Spray dyeings make it possible very quickly to supply leather in any desired shade from stock, to obtain single-sided dyeings on leather for unlined shoes, and to dye leather which has already been tanned, retanned, fat-liquored and dried, without again wetting back. In particular, however, spray dyeing allows grain leather, which has been pre-dyed in a basic shade by drum dyeing, to be brought to a fashion shade, and also allows shades to be corrected or brightened by spray dyeing on the grain side or the flesh side. To improve the wetting, the depth of penetration and the levelling, the spray liquors often contain substantial amounts of solvents and emulsifiers, dispersants and other assistants. The spray dyeing of leather entails very high requirements in respect of the very fluid preparations used for the purpose. Thus, for example, they must be miscible with water, organic solvents or mixtures of these. Furthermore, on application to leather, the dyes must be in solution or, in the case of sparingly water-soluble dyes, must be in a state of very fine dispersion. The preparations must be compatible with the assistants used in leather spray-dyeing, and must not precipitate out on dilution with water. It is furthermore highly desirable that these fluid preparations should be stable on storage for a lengthy period (at least several months). Undesired crystallisation or sedimentation can lead to blockage and/or erosion of the spray nozzles and can produce bronzed dyeings, which have insufficient rub fastness and show an incorrect shade.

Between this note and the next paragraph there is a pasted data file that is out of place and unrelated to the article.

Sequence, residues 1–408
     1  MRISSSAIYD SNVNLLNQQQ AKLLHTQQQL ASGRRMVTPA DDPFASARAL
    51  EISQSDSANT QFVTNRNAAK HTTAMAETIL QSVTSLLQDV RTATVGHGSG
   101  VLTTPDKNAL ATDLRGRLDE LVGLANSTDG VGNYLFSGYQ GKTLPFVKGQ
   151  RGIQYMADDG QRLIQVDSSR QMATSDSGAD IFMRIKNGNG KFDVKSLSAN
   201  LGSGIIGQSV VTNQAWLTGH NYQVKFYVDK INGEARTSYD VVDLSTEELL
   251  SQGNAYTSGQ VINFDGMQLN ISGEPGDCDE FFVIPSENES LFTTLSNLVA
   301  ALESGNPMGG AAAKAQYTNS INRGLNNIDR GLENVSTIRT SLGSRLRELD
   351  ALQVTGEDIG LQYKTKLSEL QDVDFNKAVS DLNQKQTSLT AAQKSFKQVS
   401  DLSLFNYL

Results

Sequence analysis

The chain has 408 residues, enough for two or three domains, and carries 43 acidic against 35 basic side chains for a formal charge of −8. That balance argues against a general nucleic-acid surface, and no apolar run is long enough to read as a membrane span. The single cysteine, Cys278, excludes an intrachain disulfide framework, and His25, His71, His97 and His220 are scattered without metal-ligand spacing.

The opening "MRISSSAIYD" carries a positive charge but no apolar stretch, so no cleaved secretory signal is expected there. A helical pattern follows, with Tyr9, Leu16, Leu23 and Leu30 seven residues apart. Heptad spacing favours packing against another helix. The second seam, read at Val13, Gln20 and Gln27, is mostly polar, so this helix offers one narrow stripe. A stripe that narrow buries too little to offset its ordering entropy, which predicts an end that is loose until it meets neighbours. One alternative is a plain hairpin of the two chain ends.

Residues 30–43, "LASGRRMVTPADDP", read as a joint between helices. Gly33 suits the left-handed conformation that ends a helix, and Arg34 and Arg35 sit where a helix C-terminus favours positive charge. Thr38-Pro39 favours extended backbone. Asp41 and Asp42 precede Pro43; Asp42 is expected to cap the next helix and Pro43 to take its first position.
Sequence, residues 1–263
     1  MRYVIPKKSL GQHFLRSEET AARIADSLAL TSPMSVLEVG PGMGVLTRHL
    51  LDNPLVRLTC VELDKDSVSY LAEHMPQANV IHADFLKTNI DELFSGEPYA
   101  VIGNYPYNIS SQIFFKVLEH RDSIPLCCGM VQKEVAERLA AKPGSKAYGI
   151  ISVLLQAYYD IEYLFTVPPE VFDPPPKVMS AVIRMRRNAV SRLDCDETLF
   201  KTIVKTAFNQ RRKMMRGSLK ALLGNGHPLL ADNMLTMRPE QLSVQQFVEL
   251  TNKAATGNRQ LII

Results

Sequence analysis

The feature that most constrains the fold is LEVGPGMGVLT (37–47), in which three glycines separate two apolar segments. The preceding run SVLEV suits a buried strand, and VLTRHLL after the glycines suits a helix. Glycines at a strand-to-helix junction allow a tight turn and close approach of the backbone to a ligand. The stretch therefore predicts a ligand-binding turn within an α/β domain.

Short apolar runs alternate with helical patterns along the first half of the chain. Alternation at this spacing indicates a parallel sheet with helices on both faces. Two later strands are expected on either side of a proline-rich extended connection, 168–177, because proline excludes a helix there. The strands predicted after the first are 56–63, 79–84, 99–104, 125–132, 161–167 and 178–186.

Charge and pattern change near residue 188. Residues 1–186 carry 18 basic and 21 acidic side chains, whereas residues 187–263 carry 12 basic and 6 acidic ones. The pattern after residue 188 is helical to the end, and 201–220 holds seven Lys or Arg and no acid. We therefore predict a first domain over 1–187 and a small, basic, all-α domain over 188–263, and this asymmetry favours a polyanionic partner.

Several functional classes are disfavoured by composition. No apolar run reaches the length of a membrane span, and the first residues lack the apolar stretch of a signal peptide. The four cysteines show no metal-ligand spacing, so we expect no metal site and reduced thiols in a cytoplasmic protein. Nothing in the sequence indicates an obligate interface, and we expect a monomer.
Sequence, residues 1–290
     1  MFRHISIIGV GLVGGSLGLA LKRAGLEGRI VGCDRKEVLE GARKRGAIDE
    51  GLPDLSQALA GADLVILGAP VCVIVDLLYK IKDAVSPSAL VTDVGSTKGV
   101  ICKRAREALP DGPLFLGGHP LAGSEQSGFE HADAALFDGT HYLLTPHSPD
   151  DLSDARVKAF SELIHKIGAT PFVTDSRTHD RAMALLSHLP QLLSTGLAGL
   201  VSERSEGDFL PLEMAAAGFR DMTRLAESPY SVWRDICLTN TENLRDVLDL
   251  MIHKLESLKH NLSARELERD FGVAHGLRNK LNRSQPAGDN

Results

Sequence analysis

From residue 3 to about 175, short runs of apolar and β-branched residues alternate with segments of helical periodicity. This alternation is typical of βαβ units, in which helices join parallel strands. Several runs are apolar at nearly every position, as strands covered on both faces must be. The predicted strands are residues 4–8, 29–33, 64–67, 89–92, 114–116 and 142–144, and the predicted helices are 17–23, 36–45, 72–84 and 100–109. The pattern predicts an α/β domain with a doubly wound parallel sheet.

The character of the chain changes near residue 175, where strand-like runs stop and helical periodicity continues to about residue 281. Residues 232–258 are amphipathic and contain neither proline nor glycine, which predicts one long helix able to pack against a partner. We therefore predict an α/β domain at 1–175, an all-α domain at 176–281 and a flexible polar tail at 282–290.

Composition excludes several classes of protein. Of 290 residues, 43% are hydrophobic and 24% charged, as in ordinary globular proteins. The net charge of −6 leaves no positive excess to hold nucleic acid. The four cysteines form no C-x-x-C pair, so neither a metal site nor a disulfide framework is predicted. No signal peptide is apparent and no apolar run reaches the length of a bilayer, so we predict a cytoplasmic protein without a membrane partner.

German Offenlegungsschrift No. 2,802,326 describes fluid, inter alia aqueous-organic, dye preparations of metal complex dyes, preferably of those which are sparingly soluble or insoluble in water and are in part suitable for spray dyeing of leather.